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U.S. Federal Appeals Court Wont Delay Talks About Net Neutrality

California agreed not to enforce its own state net neutrality law until the appeals court's decision on the 2017 repeal and any potential review by the U.S. Supreme Court.

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Net Neutrality
A sign with an emoji that reads "Don't take net neutrality away" is posted outside the Federal Communications Commission (FCC), in Washington, Dec. 14, 2017. VOA

A federal appeals court said Thursday it would not delay oral arguments set for Feb. 1 on the Trump administration’s decision to repeal the 2015 landmark net neutrality rules governing internet providers.

The Federal Communications Commission (FCC) on Tuesday asked the court to delay the arguments over its December 2017 repeal, citing the partial government shutdown. Without comment, the court denied the request.

The FCC had no immediate comment on the decision.

A group of 22 state attorneys general and the District of Columbia have asked the court to reinstate the Obama-era internet rules and block the FCC’s effort to pre-empt states from imposing their own rules guaranteeing an open internet.

Net Neutrality
State Sen. Scott Wiener, D-San Francisco, left, receives congratulations from Assemblyman Rob Bonta, D-Alameda, center, and Sen. Kevin de Leon, D-Los Angeles, right, after his net neutrality bill was approved by the state Senate. VOA

Several internet companies are also part of the legal challenge, including Mozilla Corp, Vimeo Inc and Etsy Inc, as well as numerous media and technology advocacy groups and major cities, including New York and San Francisco.

The FCC voted to reverse the rules that barred internet service providers from blocking or throttling traffic, or offering paid fast lanes, also known as paid prioritization.

The FCC said providers must disclose any changes in users’ internet access.

‘Misguided’ repeal

The net neutrality repeal was a win for providers like Comcast Corp, AT&T Inc and Verizon Communications Inc, but was opposed by internet companies like Facebook Inc, Amazon. com Inc and Alphabet Inc.

Major providers have not made any changes in how Americans access the internet since the repeal.

net neutrality
Washington Gov. Jay Inslee speaks after signing a bill, March 5, 2018, in Olympia, Washington, that makes Washington the first state to set up its own net-neutrality requirements in response to the FCC’s recent repeal of Obama-era rules. VOA

FCC Commissioner Jessica Rosenworcel, a Democrat, said on Thursday that the lawsuits are aimed at overturning the agency’s “misguided” repeal of the Obama rules. “The fight for an open internet continues,” she wrote on Twitter.

Also Read: Google Probing ‘Malicious’ Attack on its Internet Traffic

The panel hearing the case is made up of Judges Robert Wilkins and Patricia Millett, two appointees of Barack Obama, and Stephen Williams, an appointee of Republican Ronald Reagan.

In October, California agreed not to enforce its own state net neutrality law until the appeals court’s decision on the 2017 repeal and any potential review by the U.S. Supreme Court. (VOA)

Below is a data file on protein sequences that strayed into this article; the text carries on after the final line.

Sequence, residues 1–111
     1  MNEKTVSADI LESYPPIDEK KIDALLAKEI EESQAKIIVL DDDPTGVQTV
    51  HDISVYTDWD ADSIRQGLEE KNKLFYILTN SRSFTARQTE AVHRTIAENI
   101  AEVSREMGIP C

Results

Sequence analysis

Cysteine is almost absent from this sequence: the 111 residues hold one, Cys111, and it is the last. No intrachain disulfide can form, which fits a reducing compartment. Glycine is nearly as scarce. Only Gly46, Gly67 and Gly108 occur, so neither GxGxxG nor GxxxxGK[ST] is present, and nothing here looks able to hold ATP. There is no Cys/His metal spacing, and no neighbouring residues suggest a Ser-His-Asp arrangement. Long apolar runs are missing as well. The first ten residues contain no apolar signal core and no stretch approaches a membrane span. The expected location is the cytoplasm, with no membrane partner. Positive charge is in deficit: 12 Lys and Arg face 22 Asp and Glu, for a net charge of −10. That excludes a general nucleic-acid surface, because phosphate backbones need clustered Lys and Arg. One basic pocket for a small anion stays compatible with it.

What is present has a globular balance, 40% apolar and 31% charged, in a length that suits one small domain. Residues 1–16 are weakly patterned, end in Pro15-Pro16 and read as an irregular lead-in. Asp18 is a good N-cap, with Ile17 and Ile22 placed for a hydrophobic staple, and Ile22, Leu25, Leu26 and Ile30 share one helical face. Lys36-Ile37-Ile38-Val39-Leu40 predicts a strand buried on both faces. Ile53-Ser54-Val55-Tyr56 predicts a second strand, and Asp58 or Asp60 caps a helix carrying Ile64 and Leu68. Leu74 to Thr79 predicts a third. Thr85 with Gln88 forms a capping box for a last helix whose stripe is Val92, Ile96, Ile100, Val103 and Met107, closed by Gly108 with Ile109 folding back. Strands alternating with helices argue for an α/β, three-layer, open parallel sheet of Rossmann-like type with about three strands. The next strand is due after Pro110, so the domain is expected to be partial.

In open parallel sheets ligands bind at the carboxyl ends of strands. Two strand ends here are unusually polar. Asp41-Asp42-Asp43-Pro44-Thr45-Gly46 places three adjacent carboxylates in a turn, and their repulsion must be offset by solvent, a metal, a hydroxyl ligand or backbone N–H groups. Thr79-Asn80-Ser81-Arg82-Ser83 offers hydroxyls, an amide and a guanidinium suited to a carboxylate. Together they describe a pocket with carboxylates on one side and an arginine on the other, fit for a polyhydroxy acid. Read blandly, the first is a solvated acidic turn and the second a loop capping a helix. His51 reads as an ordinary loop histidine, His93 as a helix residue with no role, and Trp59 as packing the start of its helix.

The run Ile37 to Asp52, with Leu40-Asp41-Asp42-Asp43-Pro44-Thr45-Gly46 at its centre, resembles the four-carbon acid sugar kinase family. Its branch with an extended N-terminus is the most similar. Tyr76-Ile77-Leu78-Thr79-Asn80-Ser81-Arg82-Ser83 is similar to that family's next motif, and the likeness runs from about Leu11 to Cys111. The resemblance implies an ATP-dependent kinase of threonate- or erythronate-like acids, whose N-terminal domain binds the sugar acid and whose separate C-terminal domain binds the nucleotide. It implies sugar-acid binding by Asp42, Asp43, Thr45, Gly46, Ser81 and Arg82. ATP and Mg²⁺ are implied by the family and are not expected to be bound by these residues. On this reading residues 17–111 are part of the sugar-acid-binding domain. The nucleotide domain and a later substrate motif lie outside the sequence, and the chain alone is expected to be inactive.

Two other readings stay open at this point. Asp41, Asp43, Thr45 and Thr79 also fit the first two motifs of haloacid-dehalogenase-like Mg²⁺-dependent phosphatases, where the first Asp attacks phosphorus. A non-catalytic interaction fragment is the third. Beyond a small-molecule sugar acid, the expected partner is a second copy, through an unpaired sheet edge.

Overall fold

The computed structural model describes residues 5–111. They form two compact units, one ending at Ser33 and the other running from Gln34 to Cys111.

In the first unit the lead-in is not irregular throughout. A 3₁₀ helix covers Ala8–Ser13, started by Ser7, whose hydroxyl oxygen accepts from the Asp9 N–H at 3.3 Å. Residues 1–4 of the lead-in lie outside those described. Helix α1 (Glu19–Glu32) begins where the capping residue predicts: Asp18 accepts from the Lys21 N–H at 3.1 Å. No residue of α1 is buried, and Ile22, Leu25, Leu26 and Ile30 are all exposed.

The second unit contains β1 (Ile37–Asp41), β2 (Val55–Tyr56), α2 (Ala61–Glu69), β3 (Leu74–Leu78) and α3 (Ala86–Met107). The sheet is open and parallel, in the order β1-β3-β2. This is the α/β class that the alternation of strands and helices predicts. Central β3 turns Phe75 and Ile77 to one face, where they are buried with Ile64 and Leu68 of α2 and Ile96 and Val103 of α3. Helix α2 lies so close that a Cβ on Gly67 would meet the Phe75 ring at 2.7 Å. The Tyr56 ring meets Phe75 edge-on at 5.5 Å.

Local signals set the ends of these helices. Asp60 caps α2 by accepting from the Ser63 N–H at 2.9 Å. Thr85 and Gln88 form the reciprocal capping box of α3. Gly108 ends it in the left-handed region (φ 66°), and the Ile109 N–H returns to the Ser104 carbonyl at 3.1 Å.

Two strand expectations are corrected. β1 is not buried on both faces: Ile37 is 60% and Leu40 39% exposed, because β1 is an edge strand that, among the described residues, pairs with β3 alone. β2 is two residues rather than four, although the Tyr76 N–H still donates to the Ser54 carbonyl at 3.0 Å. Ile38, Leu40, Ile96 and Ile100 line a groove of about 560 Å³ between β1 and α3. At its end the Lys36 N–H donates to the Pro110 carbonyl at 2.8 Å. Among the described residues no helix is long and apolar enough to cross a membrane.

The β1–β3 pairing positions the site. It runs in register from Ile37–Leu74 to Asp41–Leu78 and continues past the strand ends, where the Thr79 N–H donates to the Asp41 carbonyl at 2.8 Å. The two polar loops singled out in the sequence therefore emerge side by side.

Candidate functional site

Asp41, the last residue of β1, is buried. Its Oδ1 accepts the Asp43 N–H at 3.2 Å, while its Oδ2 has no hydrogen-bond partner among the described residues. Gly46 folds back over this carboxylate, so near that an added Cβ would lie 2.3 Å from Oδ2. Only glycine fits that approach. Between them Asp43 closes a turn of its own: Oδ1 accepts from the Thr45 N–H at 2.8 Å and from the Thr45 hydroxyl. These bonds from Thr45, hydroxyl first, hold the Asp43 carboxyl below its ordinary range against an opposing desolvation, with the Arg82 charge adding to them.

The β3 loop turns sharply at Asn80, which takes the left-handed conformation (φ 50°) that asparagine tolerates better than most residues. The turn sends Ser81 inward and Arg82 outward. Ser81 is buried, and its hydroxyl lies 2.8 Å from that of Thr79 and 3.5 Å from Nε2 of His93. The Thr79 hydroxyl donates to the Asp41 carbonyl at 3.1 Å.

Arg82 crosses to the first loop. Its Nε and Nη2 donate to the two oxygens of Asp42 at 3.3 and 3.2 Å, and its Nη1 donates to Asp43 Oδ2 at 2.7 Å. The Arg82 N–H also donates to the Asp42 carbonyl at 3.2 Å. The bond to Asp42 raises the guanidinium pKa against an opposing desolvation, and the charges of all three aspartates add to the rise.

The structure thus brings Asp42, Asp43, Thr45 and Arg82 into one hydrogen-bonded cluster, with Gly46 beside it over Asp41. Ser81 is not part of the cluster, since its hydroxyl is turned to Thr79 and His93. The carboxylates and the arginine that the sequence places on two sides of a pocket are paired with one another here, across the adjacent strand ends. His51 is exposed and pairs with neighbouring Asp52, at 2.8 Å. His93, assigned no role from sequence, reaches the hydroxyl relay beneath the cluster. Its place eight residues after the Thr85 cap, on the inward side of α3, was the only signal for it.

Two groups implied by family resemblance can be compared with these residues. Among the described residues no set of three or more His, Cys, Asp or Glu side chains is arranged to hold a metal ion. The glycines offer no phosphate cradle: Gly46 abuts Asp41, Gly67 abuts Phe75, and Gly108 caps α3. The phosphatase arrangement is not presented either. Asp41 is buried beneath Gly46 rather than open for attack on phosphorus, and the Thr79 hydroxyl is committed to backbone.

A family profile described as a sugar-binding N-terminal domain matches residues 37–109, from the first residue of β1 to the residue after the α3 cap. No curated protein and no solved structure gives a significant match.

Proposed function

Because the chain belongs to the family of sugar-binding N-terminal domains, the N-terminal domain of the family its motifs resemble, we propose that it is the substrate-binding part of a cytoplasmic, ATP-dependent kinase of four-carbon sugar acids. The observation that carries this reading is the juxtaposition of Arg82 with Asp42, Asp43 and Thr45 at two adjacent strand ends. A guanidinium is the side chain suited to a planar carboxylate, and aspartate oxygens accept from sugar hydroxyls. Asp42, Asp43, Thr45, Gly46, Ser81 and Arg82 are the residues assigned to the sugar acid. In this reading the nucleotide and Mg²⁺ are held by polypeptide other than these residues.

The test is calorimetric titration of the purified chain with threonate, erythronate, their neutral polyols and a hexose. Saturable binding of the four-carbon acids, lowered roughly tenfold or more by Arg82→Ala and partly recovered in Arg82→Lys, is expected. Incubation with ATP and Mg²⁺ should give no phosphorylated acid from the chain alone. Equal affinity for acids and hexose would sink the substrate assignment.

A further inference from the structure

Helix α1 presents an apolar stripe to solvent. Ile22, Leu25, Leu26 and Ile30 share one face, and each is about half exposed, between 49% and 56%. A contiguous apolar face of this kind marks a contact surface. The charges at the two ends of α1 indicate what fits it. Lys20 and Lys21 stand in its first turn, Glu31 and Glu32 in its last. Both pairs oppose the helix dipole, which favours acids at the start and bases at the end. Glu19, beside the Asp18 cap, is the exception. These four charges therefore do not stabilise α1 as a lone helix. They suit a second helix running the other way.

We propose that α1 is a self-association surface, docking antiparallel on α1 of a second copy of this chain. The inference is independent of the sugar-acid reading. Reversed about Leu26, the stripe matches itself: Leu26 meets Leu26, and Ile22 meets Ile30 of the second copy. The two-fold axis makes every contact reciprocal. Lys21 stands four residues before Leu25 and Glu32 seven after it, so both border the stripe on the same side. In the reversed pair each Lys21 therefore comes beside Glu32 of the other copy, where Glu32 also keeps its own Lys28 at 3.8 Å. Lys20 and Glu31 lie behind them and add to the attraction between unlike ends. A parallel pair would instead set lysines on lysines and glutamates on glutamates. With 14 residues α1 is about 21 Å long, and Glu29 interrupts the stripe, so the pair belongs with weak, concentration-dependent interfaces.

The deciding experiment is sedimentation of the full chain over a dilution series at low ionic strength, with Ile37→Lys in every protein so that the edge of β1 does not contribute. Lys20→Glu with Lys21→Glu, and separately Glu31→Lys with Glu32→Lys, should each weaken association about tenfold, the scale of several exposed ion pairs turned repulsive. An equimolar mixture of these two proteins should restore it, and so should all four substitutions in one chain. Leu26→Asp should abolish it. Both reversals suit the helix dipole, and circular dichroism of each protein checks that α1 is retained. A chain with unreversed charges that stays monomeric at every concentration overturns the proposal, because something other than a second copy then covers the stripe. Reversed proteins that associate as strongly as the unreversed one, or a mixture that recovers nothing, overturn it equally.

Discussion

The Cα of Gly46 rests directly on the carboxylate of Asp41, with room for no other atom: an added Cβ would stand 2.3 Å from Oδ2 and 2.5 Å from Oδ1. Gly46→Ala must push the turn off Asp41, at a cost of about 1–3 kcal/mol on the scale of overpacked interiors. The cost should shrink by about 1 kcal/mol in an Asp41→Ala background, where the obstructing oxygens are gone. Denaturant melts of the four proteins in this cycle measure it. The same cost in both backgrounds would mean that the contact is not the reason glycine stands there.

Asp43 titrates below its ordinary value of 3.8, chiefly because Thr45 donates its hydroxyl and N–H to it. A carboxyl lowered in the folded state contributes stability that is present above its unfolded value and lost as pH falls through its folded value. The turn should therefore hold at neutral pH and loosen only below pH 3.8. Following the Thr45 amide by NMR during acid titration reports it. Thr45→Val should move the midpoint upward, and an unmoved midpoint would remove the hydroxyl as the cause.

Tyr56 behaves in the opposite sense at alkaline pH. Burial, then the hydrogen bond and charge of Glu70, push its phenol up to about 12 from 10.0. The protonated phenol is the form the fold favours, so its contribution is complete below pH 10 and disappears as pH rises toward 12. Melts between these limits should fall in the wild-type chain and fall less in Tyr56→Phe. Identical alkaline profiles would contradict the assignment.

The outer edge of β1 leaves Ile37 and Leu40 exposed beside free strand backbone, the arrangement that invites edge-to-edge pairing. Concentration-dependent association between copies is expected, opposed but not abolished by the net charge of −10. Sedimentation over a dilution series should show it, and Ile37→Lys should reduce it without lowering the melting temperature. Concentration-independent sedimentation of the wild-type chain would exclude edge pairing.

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Amazon Working to Bring Inclusive Internet with 3,236 Satellites

Social networking giant Facebook is also developing an Internet satellite of its own, the report noted

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Google , US, Alexa, Amazon, Drones, e-commerce
The logo of Amazon, online retailer is seen at the company logistics center in Lauwin-Planque, France. VOA

In a bid to provide Internet to the “unserved and underserved communities around the world”, Amazon is working to launch a constellation of 3,236 satellites into low-Earth orbit.

The project “Kuiper” will consist of 784 satellites at an altitude of 367 miles from the earth, 1,296 satellites at 379 miles and 1,156 satellites at 391 miles — facilitating Internet availability to over 95 per cent of the earth’s total population.

“Project ‘Kuiper’ will provide low-latency, high-speed broadband connectivity to unserved and underserved communities around the world,” The Verge quoted an Amazon spokesperson as saying on Friday.

“This is a long-term project that envisions serving tens of millions of people who lack basic access to broadband Internet.”

Moving forward with the initiative, the project has already filed with the International Telecommunication Union (ITU) — the international organisation in charge of coordinating satellite orbits.

Even though Amazon Chief Executive Officer Jeff Bezos has his own spaceflight company called “Blue Origin”, the company is considering all other options as well.

Amazon logo. Wikimedia

Details on whether the company intends to build its own satellites or buy them from a third party remain unclear as of now.

“There’s no time-frame for when Amazon’s satellites might be sent into orbit, but it will need to receive the Federal Communications Commission’s (FCC) approval before it can do so,” the report added.

Also Read- LG Says Q1 Operating Profits May Decline Over 18%

Apart from Amazon, other tech majors have also lately been working with satellites.

Elon Musk-owned SpaceX has plans to launch as many as 12,000 satellites as part of its “Starlink” constellation and London-based global communications company “OneWeb” wants to launch 650 satellites to implement new space-based Internet communication systems.

Social networking giant Facebook is also developing an Internet satellite of its own, the report noted. (IANS)